Is the reference check a thing of the past?
I would put a high value on reference checks when it comes to forming an opinion on the suitability of a person for a role – as long as they are used properly. The problem is that the threat of litigation has created a situation where many organisations now have a policy of not effectively providing a reference due to the very limited information they are willing to provide. I can understand this completely but it does remove what can be a very useful part of the selection and evaluation process.
There are a variety of organisations that provide candidate vetting services and they have a value in terms of verifying candidate information to cover the situation e.g. where a candidate may have provided incorrect or misleading information or in extreme cases, where they have committed a serious crime. However, this is well short of getting an opinion from a former employer on the person concerned.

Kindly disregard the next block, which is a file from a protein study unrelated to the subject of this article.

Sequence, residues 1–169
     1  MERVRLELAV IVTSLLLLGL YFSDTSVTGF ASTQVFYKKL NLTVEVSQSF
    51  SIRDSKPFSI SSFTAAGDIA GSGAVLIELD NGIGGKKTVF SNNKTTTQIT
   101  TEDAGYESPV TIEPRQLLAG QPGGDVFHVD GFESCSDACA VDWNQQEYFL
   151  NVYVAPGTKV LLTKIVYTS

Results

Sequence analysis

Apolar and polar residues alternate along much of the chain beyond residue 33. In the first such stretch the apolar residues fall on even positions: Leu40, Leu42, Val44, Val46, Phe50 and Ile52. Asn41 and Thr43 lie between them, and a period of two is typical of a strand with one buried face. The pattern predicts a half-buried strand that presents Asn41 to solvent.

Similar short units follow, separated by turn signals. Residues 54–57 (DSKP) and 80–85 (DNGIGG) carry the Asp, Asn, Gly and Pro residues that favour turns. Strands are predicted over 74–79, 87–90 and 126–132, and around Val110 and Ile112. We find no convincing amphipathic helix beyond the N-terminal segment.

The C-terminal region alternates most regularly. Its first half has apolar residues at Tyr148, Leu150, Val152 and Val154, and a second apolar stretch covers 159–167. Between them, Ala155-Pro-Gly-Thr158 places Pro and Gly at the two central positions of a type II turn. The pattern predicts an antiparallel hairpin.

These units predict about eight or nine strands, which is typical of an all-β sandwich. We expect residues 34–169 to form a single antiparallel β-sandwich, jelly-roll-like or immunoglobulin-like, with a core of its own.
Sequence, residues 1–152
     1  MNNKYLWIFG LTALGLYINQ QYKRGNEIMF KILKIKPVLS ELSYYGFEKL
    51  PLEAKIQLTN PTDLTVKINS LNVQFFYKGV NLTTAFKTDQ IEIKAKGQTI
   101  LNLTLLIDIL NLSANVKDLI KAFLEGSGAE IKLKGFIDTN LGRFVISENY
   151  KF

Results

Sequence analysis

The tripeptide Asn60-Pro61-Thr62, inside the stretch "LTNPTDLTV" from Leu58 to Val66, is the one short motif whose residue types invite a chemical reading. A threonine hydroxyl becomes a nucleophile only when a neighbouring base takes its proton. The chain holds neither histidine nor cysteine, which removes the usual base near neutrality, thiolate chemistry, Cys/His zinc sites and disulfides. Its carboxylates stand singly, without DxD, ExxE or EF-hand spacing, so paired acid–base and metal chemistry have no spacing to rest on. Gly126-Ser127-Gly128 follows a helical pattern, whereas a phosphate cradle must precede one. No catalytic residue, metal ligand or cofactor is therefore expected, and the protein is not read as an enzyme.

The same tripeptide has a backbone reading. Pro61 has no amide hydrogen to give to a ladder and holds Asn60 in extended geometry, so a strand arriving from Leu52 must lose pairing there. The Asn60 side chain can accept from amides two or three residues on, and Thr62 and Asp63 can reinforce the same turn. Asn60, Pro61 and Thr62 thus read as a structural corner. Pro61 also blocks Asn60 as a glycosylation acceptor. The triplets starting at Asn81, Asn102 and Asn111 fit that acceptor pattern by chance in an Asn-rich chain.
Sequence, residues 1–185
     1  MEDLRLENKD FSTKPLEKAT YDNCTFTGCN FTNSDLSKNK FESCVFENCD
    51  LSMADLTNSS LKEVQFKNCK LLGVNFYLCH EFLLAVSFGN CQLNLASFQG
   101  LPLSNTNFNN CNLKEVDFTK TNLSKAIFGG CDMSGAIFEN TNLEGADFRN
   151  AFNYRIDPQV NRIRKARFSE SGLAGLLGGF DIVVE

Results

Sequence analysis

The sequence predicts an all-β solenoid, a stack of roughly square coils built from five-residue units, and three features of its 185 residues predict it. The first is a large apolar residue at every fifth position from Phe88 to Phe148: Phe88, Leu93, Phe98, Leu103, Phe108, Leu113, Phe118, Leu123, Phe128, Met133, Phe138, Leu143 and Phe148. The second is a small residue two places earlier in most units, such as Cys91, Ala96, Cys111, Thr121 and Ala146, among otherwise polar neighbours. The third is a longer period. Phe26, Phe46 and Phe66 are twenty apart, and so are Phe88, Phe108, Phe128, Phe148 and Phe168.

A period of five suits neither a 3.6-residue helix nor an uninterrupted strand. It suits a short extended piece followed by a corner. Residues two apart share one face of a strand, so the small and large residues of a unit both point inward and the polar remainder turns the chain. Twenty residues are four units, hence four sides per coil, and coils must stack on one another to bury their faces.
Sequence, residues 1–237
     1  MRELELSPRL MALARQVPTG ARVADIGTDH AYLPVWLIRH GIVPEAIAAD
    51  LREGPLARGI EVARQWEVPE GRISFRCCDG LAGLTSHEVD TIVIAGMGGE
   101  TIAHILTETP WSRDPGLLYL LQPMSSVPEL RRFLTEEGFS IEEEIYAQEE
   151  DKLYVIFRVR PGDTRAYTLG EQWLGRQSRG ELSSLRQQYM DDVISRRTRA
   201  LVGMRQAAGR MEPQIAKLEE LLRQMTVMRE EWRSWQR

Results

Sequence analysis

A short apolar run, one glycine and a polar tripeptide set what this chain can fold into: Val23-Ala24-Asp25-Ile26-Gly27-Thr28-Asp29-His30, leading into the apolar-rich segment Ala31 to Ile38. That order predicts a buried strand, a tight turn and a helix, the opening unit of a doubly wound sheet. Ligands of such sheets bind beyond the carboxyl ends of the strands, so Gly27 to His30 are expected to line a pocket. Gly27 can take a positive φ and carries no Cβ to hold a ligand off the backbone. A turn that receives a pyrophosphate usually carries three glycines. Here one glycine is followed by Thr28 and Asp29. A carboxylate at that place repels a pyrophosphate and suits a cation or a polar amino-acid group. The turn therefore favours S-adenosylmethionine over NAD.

In my experience 75% of references are positive and they can also provide useful insights on the person involved which can be very helpful in successfully inducting her/him into the new organisation.
Here are a few pointers if you are taking a reference on a prospective employee:
- Check that you have the most appropriate referee, i.e. that the candidate reported to this person for a reasonable length of time.
- Make sure you have all relevant referees e.g. employers covering the last 3 roles or 10 years. Watch for omissions.
- Have your questions prepared and listen and observe.
- Take good notes.
- Be aware of legal issues
- Be objective and fair.